I once read a story for The Ranger's Apprentice series, which is set in feudal England, by the way, where after Will was injured, an ambulance, sirens and all, squealed into the scene for him, after which, I did a double take, shook my head, and clicked the back button. It's okay if you get a few details wrong. But try to get the major ones right. It really will help build your repertoire as an author and grow your fan base for your story.
Now, years later, I've finally gotten it into my head that if I'm going to have historical or medical or geographical information in a story, I need to have at least a general idea of what I'm talking about. For The Finch and the Mockingbird, I'm unashamed to say that I beat Shawn up something terrible. But I am even more unashamed to say that I did a ton of research about the injuries, implications, treatments, and long-term problems associated with these injuries. And I was definitely well rewarded for all that time spent researching:
I can't think of a single fanfiction writer that would go to such lengths to get the information right. Like this wasn't a brush off 'yeah Shawn's pretty screwed up,' but a detailed explanation with fancy medical words and all. Like, seriously, I think it's gotten to the point where I would totally ask for your autograph if I ever somehow met you in person.
WOW, for someone without medical experience, you coulda fooled me! Kudos for the amount of research! I actually do have some medical experience and you've done fantastic! :D I didn't see anything that wasn't right.
See? It pays off if you take a few minutes of your time to research. I was absolutely glowing when I got these reviews that told me I'd written an accurate hospital scene! Trust me, you will be too!
Use Correct Grammar
I know this sounds like it should be a given, but there are so many fan-fictions out there that have great ideas and plots, but that are so poorly written most people don't even bother trying. Don't let this happen to you.
Use punctuation, paragraphs, capitalization, quotation marks and spell check.
also don't write ur hol story in txt tlk either its srsly painful 2 look @ and even more painful 2 try 2 read it so most ppl don't even attempt it
See what I mean?
And if you have trouble with grammar, don't hesitate to seek out a Beta reader to help you. Beta reading is available on fanfiction.net as well as other fan-fiction sites, and Betas are a great tool to help you not only to edit and improve your story, but to improve your writing as a whole. There's nothing wrong with having trouble with grammar, and if you have a typo or two (or three) in your story, so what? I've had my fair share. Sometimes people have pointed them out and I've fixed them, other times I've just let them be. Not a big deal.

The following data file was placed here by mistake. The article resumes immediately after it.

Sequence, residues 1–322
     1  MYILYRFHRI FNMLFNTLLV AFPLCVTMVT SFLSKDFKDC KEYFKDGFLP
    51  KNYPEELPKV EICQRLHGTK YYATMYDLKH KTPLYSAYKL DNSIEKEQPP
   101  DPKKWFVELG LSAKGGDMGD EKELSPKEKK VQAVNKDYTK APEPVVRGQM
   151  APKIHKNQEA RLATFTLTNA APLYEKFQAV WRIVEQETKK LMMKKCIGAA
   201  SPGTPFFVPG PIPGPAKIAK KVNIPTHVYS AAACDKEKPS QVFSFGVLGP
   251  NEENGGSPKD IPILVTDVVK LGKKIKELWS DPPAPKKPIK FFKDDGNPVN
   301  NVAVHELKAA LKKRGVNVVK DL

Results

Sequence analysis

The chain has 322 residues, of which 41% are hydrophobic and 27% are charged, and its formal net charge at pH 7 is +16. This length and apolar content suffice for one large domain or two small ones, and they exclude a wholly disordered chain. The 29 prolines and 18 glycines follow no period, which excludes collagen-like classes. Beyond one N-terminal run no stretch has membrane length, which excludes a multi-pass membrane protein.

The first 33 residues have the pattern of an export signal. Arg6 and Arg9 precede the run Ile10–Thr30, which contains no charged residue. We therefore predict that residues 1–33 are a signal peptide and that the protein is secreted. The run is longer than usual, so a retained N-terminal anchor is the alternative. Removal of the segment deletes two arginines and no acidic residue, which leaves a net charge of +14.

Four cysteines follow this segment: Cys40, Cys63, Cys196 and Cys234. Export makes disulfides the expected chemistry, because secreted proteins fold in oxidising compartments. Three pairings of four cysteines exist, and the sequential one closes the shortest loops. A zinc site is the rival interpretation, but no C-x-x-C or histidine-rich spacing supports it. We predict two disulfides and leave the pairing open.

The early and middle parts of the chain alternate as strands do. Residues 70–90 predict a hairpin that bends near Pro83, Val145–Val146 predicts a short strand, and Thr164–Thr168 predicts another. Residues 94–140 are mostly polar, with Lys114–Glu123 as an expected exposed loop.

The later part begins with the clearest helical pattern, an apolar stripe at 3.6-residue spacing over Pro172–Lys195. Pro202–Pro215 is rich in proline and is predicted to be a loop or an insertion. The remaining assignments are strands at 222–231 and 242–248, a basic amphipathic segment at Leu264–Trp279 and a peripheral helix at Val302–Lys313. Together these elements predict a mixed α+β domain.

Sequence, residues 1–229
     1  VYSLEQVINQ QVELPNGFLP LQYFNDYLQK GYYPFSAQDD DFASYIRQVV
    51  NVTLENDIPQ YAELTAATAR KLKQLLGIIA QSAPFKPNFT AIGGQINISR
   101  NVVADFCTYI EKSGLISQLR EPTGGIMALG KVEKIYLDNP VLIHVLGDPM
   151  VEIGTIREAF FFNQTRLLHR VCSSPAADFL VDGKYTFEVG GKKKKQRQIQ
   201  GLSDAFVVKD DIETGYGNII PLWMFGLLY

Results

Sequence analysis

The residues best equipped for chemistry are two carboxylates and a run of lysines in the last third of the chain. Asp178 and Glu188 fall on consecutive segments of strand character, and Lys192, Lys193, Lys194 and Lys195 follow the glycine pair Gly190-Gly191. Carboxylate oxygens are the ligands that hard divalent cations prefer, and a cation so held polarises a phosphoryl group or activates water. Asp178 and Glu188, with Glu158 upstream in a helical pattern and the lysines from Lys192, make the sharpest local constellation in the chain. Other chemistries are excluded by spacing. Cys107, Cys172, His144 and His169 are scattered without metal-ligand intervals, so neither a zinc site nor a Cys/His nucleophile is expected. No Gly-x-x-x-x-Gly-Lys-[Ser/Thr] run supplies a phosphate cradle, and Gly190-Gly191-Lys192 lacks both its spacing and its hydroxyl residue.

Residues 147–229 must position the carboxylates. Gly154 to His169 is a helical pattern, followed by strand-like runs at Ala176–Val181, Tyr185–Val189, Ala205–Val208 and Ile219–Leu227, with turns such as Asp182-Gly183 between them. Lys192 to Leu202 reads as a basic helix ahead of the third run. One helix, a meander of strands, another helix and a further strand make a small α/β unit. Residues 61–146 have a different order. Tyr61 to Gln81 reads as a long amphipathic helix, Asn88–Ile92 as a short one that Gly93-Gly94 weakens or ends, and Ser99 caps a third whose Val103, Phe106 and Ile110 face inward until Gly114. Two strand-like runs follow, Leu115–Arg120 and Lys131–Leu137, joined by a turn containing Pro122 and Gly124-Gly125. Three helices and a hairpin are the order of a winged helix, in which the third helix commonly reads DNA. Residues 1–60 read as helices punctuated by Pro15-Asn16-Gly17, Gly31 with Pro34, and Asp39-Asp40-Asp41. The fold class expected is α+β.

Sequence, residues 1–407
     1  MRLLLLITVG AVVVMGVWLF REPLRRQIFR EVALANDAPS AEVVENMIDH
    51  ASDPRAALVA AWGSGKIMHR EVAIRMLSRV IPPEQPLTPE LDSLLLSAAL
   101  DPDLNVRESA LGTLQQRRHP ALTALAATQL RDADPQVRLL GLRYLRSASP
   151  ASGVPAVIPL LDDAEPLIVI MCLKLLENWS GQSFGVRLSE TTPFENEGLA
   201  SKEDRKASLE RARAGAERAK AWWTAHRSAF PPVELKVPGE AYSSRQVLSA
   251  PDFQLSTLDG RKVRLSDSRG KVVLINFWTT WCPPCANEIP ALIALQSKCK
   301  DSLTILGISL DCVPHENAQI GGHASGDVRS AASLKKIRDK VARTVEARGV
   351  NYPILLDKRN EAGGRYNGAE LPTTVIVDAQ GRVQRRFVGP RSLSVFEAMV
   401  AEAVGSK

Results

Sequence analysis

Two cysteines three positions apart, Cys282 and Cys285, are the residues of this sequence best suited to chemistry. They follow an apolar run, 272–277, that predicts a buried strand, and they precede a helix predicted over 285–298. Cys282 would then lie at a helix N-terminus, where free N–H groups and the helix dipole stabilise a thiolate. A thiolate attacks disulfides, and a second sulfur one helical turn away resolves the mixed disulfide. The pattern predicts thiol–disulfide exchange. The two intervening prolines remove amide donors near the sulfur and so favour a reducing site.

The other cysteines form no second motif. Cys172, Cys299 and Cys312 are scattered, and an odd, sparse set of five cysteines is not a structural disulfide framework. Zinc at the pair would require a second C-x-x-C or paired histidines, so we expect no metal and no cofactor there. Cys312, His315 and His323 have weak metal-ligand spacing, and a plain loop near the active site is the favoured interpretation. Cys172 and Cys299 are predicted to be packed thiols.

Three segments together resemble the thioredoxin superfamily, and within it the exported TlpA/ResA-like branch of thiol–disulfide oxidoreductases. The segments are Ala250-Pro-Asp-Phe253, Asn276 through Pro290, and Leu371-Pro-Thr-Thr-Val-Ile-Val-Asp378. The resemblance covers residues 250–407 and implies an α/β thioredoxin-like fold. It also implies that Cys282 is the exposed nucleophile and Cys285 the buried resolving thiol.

But don't allow your story to be looked over because of a flood of errors. I guarantee you that there are many quality-plot stories out there that are under-read and under-appreciated because the readers have a hard time getting past the aesthetics and the surface.
Make Your Summary Appealing
One of the biggest turn-offs for a fan-fiction is when the summary says something along the lines of, "It's better than it sounds," "I suck at summaries," etc. If you tell me things like that, what makes me want to read it in the first place? I don't want to be told negative things about the author/story before I've even clicked on the link to the story. Even a three word summary that catches my attention is better than one of the above.
Make sure you spell everything in your title and summary correctly, because if a person uses text talk in their summary or can't even spell a word in their own story's title, it's not going to be a very encouraging message to send to your potential readers, and many of them will probably just skim over your story without even giving it a shot because of the mistakes in the summary.
Don't give anyone an excuse to skip your work simply because your summary is misspelled or littered with self-degrading comments about your summarizing skills or assurances that it's better than it sounds. Don't try to justify your work or convince people they should read it. Create a brief, concise description of your work and let the summary speak for itself. Also, don't beg people to read your story in the summary. That's definitely another no-no if you want people to read your story. Rely on your writing skills and the story itself to gain readers. You don't have to stoop and beg for people to read. Let them come to you, and it will be so much more rewarding!
Seriously. Have a good time. Don't try to please everyone with your writing. You can follow all of these tips and still be miserable and write a story that isn't great because you aren't writing to have fun with your story! Ultimately, you need to write what you want to write and how you want to write it, because if you're writing solely for other people, you're always going to be faced with disappointment because you aren't writing for YOU.
So have fun, write because you want to, and don't let anyone tell you otherwise. Fan-fiction isn't exactly the precursor to a Pulitzer Prize (that I know of at least), but it's a great way to practice your writing, gain new friends, readers and followers, and simply to connect with people who share the same interests. It's not a science, it's an art.
Enjoy yourself, and write because you love it! That's what I do, and it's worked out great for me!